To be good long-term investor, you need courage and you need brains. However, you need them in different quantities at different times. In the depths of a bear market, you mostly need courage since it’s almost a “no-brainer” that the economy will recover and will lift financial assets with it. In a bull market, its mostly about brains since, while people are less haunted by economic fears, valuations are higher, increasing the need to be more discriminating in both asset allocation and security selection.

Over the course of the last year, we have been transitioning, both by the numbers and psychologically, from a bear market to a bull market. Economic worries have faded. However, in their place there is an anxiety about stretched valuations and a concern about “missing the boat.” Overall, we continue to see investment opportunities. However, it is a narrower set of opportunities than existed nine months ago, making it more important that investors are disciplined going forward.

Fading Worries And Rising Sentiment
Economic data have recently been very reassuring, with CPI inflation falling to 3% year-over-year in June, a strong 2.4% annualized gain in real GDP in the second quarter and a solid, although not too exuberant, monthly jobs report for July.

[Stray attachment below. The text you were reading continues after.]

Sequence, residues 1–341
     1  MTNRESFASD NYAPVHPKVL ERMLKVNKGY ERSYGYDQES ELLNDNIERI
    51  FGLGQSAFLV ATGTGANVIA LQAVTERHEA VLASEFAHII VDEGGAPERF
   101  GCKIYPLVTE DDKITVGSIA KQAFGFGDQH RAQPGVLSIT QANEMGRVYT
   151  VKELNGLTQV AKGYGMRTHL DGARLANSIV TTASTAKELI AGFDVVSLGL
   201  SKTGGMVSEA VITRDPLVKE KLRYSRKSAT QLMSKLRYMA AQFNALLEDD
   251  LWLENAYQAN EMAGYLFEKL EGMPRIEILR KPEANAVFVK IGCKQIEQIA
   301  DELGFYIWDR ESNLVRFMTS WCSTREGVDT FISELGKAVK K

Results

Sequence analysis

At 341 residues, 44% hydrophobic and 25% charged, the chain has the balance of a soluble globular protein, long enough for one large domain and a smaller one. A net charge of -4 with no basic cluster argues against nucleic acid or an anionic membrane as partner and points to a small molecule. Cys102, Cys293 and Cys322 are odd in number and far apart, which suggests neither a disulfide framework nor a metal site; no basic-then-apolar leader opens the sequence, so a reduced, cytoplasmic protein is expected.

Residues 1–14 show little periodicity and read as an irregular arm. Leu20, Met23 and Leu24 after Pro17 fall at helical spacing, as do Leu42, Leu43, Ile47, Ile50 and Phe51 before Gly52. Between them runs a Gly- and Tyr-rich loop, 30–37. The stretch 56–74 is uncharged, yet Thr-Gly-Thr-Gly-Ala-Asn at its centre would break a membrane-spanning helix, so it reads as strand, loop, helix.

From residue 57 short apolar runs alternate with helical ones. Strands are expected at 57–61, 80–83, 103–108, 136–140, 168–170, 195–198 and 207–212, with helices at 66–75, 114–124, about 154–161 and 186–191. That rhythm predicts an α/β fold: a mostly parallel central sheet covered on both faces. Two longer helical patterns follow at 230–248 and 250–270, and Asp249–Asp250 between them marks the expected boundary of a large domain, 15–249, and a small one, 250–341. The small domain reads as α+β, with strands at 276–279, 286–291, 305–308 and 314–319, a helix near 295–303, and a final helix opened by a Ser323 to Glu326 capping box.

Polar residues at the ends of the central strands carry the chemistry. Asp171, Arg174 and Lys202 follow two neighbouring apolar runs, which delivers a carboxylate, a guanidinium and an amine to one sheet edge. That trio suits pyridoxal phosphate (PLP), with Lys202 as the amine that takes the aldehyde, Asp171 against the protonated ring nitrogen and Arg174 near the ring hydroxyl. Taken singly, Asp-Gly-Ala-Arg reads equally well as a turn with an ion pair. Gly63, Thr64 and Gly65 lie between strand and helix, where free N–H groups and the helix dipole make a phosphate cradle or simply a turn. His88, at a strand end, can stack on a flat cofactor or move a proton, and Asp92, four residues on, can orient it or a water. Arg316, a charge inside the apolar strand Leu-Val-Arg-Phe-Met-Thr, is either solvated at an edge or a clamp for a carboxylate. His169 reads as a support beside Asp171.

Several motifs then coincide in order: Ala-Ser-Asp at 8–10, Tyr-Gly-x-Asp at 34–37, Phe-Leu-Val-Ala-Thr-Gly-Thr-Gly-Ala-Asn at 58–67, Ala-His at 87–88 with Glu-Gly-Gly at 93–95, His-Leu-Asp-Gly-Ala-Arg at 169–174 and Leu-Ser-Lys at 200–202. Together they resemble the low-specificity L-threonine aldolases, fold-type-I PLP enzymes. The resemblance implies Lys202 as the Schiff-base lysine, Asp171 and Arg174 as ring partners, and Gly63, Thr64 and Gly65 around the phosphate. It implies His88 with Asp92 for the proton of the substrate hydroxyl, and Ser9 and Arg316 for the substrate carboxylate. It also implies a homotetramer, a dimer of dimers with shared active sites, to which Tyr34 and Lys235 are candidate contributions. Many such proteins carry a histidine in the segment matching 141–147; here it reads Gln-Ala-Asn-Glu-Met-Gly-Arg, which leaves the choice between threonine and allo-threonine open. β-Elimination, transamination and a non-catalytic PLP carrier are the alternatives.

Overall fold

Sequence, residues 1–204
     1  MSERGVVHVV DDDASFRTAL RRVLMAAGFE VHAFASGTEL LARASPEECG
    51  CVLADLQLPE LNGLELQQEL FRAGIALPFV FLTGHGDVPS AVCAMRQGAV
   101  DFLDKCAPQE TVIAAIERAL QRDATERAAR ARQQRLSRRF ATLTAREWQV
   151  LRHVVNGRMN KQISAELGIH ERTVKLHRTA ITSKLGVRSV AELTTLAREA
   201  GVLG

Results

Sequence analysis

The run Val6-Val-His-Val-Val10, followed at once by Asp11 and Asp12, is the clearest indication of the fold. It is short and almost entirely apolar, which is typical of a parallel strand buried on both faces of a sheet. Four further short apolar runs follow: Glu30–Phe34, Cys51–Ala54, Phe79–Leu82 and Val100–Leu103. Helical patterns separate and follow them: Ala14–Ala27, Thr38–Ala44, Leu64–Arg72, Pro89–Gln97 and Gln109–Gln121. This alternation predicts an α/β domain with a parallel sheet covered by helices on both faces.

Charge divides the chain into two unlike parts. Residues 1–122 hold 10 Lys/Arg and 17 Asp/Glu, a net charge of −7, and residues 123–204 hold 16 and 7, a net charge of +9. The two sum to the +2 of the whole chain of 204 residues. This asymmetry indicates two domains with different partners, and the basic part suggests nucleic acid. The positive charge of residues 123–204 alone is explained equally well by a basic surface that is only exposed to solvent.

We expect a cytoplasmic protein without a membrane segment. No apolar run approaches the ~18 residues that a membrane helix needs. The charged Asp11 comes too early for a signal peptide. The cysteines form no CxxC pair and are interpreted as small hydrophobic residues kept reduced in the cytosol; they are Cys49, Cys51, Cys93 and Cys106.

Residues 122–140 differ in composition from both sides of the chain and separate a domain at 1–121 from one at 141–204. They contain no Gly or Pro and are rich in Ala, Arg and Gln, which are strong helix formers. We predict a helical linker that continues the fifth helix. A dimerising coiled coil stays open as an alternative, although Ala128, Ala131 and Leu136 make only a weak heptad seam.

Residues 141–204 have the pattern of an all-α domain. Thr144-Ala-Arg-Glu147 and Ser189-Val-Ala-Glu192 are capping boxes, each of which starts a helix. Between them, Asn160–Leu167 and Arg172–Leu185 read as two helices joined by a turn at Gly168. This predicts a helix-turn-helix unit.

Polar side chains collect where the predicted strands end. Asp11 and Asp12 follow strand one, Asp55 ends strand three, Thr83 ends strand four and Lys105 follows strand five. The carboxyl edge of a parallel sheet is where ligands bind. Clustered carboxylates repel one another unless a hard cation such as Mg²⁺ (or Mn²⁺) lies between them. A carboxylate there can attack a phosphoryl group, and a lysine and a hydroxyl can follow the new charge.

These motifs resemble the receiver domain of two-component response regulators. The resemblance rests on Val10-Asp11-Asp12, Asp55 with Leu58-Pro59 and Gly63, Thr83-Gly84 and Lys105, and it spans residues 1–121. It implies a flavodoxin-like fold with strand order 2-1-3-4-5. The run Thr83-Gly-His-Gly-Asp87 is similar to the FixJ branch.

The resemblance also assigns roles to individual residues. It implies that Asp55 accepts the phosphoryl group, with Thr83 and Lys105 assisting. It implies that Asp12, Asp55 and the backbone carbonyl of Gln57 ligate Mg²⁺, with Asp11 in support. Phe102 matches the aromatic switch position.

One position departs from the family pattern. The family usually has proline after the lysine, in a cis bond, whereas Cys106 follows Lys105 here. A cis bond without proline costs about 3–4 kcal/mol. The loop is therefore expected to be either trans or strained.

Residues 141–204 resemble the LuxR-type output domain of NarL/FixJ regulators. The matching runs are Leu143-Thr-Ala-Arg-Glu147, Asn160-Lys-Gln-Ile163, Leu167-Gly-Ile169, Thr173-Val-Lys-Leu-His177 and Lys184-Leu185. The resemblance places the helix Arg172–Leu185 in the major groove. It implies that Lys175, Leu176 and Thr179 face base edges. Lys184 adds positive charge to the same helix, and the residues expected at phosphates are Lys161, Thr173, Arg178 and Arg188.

This week, the focus will be on inflation. Following 12 straight months of declines, we believe headline year-over-year CPI inflation rose to 3.3% in July from 3.0% in June, largely reflecting higher gasoline prices. However, core CPI inflation likely continued to moderate, reflecting lower new and used car prices and a decline in housing inflation. A slow global economy, as revealed in last week’s composite PMI readings, suggests that goods inflation will ease in the months ahead. Overall, we expect CPI inflation to hover at close to 3% year-over-year for the rest of this year, before falling to close to 2% by the end of 2024. We also expect inflation, as calculated by the Fed’s preferred measure, the personal consumption deflator, to fall to the Fed’s 2% target by next summer.